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Agold-robed deacon stood in front of a makeshift altar at the shadowy heart of the nave, clutching a staff as he led the mournful chanting.

Surrounding him was a cluster of white-shawled priests, some holding bibles and candles, others ornate crosses and icons. Around them were throngs of pilgrims, also robed in white, lost in a reverie of chanting and praying.

All I could do was sit transfixed in a darkened corner, my back against the stone wall of the ancient church carved out of the mountainside. Not only was I in one of the most astonishing cultural sites in the world, but also in one of the most sacred places in Christendom during Easter. It was as if I was watching proceedings from centuries past.

The Orthodox Christian pilgrims had flocked here to Lalibela from all corners of Ethiopia to take part in ceremonies like these. The second-oldest Christian country in the world is still deeply pious and Easter is a serious business. Followers eat a vegan diet for the 55 days leading up to the Orthodox Easter Sunday (May 5 this year), then everyone spends Easter eve at the church praying until 3am when it is announced that Christ has risen.

After that, the party begins.

But the Unesco world heritage site of Lalibela is a marvel at any time of the year - as is most of Ethiopia.

Despite still being blighted by its past and ongoing poverty, the East African nation is rich in culture and diverse natural wonders and it's finally beginning to realise its potential as a tourist destination.

The population of more than 80 million is made up of around 80 ethnic groups, with 90 languages spoken and many religions practised. The Rift Valley gouges through the country and there are savannas, plateaus, great lakes, deserts and game reserves.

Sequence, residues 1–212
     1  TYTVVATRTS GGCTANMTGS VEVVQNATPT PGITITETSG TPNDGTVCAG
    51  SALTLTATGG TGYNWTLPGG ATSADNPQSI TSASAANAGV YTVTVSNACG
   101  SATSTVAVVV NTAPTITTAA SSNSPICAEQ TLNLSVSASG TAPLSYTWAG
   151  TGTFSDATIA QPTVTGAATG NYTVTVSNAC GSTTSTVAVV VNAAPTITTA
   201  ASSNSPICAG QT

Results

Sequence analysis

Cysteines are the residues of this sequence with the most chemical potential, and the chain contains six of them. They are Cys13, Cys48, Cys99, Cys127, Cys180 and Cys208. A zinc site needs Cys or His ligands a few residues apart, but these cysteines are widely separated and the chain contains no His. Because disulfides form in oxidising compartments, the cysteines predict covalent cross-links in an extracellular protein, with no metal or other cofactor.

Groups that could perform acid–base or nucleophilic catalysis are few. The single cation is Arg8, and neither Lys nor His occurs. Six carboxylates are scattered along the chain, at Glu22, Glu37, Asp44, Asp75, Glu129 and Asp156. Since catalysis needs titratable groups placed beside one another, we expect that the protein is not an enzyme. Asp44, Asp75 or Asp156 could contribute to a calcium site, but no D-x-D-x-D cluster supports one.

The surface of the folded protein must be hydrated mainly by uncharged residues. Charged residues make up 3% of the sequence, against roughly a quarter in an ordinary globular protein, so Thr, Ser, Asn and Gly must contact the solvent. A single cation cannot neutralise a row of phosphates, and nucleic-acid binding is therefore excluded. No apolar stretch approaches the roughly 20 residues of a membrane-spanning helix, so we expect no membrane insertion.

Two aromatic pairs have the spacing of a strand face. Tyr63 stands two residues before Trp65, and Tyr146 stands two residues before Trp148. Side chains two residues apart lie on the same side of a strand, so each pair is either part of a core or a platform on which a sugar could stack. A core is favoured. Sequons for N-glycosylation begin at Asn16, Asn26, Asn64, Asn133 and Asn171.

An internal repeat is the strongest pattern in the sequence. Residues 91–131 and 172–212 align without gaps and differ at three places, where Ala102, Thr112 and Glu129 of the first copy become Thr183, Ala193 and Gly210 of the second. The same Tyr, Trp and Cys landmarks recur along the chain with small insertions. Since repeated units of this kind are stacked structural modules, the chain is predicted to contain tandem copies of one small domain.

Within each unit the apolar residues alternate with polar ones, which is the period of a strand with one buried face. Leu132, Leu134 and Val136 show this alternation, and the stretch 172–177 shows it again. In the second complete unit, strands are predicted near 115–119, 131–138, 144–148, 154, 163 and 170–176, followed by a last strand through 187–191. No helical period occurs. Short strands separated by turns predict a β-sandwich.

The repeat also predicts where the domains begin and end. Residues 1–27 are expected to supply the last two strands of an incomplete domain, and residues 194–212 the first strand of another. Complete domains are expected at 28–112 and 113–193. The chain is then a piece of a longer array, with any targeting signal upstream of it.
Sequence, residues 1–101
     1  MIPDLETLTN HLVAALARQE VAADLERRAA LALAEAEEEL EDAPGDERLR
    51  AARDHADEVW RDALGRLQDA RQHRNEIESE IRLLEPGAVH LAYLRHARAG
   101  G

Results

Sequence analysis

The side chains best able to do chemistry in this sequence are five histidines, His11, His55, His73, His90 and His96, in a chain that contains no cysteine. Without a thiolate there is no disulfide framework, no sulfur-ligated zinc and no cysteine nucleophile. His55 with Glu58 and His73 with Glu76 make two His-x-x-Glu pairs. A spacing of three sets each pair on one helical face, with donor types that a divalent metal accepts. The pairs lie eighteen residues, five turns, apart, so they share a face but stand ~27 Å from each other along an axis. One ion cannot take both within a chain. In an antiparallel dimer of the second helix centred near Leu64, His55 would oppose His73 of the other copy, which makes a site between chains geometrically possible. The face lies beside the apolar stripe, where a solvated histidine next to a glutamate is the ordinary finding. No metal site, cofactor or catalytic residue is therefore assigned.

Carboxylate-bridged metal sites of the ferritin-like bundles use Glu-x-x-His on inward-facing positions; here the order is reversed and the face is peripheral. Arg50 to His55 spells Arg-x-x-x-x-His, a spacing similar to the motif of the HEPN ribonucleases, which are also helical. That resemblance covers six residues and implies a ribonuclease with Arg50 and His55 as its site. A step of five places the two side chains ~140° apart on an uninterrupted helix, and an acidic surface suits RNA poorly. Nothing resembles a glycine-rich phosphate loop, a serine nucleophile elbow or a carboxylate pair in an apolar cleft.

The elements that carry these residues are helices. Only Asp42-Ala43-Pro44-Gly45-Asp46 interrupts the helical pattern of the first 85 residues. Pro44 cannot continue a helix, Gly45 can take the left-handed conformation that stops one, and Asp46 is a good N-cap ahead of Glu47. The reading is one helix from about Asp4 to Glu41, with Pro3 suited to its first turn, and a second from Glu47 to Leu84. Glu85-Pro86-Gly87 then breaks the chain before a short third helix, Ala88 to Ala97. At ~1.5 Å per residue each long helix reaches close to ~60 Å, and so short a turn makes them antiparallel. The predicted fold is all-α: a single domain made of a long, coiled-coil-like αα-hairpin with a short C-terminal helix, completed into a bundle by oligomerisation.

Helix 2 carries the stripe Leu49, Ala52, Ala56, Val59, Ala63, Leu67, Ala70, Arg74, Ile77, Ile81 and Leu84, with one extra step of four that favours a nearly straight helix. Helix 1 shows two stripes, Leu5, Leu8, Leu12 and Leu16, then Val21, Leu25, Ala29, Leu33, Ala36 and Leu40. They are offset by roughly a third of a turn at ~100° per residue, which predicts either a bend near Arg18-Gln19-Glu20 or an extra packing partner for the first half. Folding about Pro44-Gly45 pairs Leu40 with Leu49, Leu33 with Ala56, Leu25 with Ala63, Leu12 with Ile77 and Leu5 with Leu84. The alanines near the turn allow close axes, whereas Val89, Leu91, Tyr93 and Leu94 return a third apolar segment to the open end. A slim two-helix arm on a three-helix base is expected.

But its most well-trodden tourist trail is the northern highlands - the traditional heart of the nation and its Orthodox Christian faith.

The jewel in the crown is Lalibela - an incredible labyrinth of 11 monolithic churches, tunnels and catacombs carved out of the red volcanic rock.

It had taken only 50 minutes to fly up there from the ramshackle capital Addis Ababa (it would have taken 20 bumpy hours by bus). The morning air was still quite cool on arrival, but by early afternoon it was scorching and as I made my way down into the churches, it was the shade and respite from the heat I first noticed.

Then, as my eyes adjusted to the lower light, I saw the first of the worshippers wrapped in white robes paying their respects. It wasn't long before I was amid them with the play of shadows and diffused sunlight accentuating the ethereal atmosphere.

Many of the churches are freestanding, one is intricately shaped as a cross, while a few are still quite cave-like. Their construction is attributed to King Lalibela who reigned until 1221 and is said to have wanted to create a "New Jerusalem" after the old one was captured by Saladin. But how they were built has been lost in the fog of time.

Even though I was left in awe by the ancient architecture, what struck me most was the ancient culture. These weren't mausoleums like other historical sites around the world, but were very much alive with powerful ceremonies and rituals probably far older than the churches themselves. …